Again the 3 positions appear where one can have a draw. Putting the black king on f8, g8 or h8 looses immediately.

So what about b8, If I bring the black king on b8 will this be a draw or a loss?

By comparing both positions we see that in both cases black threatens to capture white's rook on a7. In the latter if white brings his rook in safety, black can use the tempo to enter the green area. In the former (with pawn on e5) the extra tempo is not enough as the black king is still outside the green area. (Black's king will strand on c8 as the green area holds the squares d8, e8, f8)

So in the latter with black to play, black can step outside the green area attacking white's rook, and than move again into the green area when white has brought his rook into safety.

Now comes the question when can white safely loose his rook and still force a draw?

When the initial distance between his rook and pawn equals 4 (5(=e-file)-1 (a-file))he can safely loose his rook. Keeping in mind that the white king is on the opposing side and already on the fifth rank and his pawn on the sixth rank!

This might be quite handy if you have to make a capture on a7 followed by a recapture of your rook by the black king. Now you know that in this position K+R versus K+P there is still a draw present. Don't play this if you don't have to give up your rook as you otherwise through away the game.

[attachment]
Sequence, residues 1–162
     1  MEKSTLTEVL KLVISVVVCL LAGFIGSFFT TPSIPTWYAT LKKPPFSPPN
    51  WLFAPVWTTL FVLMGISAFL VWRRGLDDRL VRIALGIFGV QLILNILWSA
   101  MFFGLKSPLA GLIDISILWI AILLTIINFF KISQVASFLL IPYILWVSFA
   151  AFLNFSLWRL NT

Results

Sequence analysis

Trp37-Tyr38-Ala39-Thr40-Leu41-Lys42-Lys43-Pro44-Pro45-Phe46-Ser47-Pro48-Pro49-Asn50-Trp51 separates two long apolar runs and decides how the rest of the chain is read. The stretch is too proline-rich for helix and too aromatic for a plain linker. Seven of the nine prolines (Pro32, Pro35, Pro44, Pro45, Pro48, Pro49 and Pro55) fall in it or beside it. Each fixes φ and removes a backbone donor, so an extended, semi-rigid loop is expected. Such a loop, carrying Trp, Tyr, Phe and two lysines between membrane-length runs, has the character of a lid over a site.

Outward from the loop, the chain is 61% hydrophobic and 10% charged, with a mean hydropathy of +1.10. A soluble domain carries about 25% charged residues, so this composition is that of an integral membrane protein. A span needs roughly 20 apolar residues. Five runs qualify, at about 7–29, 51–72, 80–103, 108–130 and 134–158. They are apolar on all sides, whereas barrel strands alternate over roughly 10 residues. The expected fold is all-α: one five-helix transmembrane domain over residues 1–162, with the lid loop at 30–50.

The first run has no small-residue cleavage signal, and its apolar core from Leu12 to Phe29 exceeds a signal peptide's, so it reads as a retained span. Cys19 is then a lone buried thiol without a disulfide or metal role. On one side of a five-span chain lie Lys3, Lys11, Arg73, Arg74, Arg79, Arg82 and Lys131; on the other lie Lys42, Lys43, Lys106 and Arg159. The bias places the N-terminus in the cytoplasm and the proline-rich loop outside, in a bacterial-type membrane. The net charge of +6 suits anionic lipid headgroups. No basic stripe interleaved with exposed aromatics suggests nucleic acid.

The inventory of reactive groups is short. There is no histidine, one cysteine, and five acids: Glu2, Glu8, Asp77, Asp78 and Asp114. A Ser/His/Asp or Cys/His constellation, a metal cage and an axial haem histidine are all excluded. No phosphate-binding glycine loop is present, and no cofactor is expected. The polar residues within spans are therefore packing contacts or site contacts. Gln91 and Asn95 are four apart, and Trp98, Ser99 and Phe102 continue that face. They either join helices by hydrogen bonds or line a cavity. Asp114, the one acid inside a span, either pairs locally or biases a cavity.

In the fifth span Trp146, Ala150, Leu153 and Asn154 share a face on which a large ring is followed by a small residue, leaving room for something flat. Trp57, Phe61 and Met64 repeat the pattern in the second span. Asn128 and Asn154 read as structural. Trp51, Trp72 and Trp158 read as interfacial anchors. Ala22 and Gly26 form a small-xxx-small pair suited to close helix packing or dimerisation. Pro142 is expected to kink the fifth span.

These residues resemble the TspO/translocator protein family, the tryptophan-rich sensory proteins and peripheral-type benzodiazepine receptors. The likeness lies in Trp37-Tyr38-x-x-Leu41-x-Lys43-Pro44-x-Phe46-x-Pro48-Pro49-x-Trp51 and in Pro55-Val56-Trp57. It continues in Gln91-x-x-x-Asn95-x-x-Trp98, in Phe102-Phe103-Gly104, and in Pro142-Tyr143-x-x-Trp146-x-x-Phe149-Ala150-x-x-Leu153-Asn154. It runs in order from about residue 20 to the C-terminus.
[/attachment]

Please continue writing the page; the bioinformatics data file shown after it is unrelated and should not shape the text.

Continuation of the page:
Let's consider the following position

White draws with 1.Rxb7! Kxb7 (forced) 2.Kg6 =

Summary: Attacking King and defending rook on opposing side

In general: The defending King must be in direct or knight opposition to the square in front of the pawn to hold the draw. He can afford to step outside the drawing zone if he can recover this loss tempo on the next move to step inside the D-zone again(for instance by attacking the rook).


Blogger Temposchlucker said...

John Nunn has written Secrets of Rookendings, with all(!) K+R vs K+R+p
I have it, but it is tough to study.

1:54 PM  
Blogger Montse said...

It sure is a big book but I doubt that he handles all positions, only key positions, I think. Now try this one. put the black king on g5. Switch white's king from d5 to f5.
Same positions of the rook as in diagrams and pawn on e5.
White to move. lol

9:39 AM  
Blogger Montse said...

Black king on g8

9:39 AM  
Blogger Blue Devil Knight said...

Montse: this is very helpful stuff. I have been reading about Lucina/Philidor and it is exactly as you say: all the books give one position to try to make a general claim. It seems chess authors are a lazy bunch: they could do so much more. The job of a good author is to minimize the amount of work you have to put in to understand what they've done. It is clear that many chess authors don't do that (note this doesn't mean we shouldn't have to work ourselves to understand the positions, etc., but come on).

You and Tempo should write a book on basic endgame theory.

7:45 PM